It’s worth noting the figure includes in-apps sales, not just paid app downloads. In fact Juniper forecasts that just 1% of the 235 billion projected app downloads in 2015 will be paid at the point of download, with this model contributing just 12% of total app revenues. The figure for total app downloads in 2015 is up 28% from 184 billion app downloads in 2014.
Remarkably, China accounted for 60% of all downloads in 2014, and Chinese search giant Baidu is now the second-largest app distributor after Google, eclipsing Apple. However other markets are more lucrative, with revenue per download in the U.S. nine times higher than China.
By category, dating apps are currently among the highest-grossing apps in the U.K., where Juniper is headquartered, including Match.com and the inevitable Tinder. Juniper predicts that mobile apps will help drive revenue growth for dating sites, which are already well-established online.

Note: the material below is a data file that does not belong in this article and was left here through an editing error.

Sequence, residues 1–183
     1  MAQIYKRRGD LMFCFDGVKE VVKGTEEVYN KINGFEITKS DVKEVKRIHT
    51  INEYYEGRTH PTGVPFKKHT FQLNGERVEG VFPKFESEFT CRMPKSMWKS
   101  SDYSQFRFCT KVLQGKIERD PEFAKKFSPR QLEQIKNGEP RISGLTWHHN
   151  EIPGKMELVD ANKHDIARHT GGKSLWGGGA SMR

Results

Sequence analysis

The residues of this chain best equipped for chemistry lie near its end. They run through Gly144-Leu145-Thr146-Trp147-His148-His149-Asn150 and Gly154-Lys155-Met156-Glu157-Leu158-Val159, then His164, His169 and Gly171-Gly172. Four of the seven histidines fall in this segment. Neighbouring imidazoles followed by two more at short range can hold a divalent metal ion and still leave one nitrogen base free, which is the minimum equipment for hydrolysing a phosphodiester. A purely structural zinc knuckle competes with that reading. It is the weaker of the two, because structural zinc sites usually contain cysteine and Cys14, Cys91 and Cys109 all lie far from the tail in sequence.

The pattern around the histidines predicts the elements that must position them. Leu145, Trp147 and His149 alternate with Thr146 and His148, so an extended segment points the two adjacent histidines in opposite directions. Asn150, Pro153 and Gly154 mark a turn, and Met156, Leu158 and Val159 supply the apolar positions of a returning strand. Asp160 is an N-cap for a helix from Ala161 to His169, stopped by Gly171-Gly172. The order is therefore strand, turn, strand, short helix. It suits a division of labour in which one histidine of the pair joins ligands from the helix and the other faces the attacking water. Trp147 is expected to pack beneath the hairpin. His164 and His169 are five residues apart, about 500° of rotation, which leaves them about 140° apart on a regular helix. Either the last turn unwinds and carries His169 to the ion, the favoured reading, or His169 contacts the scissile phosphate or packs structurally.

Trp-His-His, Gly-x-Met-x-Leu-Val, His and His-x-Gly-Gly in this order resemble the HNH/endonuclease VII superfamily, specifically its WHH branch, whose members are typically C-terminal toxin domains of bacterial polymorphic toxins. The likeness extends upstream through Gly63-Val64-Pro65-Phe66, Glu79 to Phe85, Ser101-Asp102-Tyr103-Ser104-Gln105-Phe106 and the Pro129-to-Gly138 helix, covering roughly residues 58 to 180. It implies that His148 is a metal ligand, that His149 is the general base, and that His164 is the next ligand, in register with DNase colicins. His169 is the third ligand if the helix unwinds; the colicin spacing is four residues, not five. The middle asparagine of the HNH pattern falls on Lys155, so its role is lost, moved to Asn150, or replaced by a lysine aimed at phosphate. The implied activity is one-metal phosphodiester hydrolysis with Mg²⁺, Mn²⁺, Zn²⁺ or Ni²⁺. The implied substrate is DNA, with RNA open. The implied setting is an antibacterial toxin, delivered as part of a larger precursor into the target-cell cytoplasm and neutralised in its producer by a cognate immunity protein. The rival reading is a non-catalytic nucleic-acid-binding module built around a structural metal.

Juniper also found that navigation apps stand out for adhering to a “pay per download” model, generally charging a one-time fee rather than experimenting with the popular “freemium” model. However Juniper expects navigation apps will transition to a subscription model.
The vast majority of app sales take place through virtual stores operated by Apple, Google, or Baidu, leaving less than 2% of app downloads to network operators. Juniper author Windsor Holden notes: “Operators have finally recognized that they cannot compete with Apple and Google from a content distribution basis. If they are to monetize content, that revenue has to come from bundling content into subscriptions or through leveraging the billing relationship.”
Other media companies are also diving into the mobile app economy, Holden adds: “Broadcasters are now offering distinct and bolt-on mobile packages, a trend which will gain further impetus as customers migrate to larger screen phablet devices.”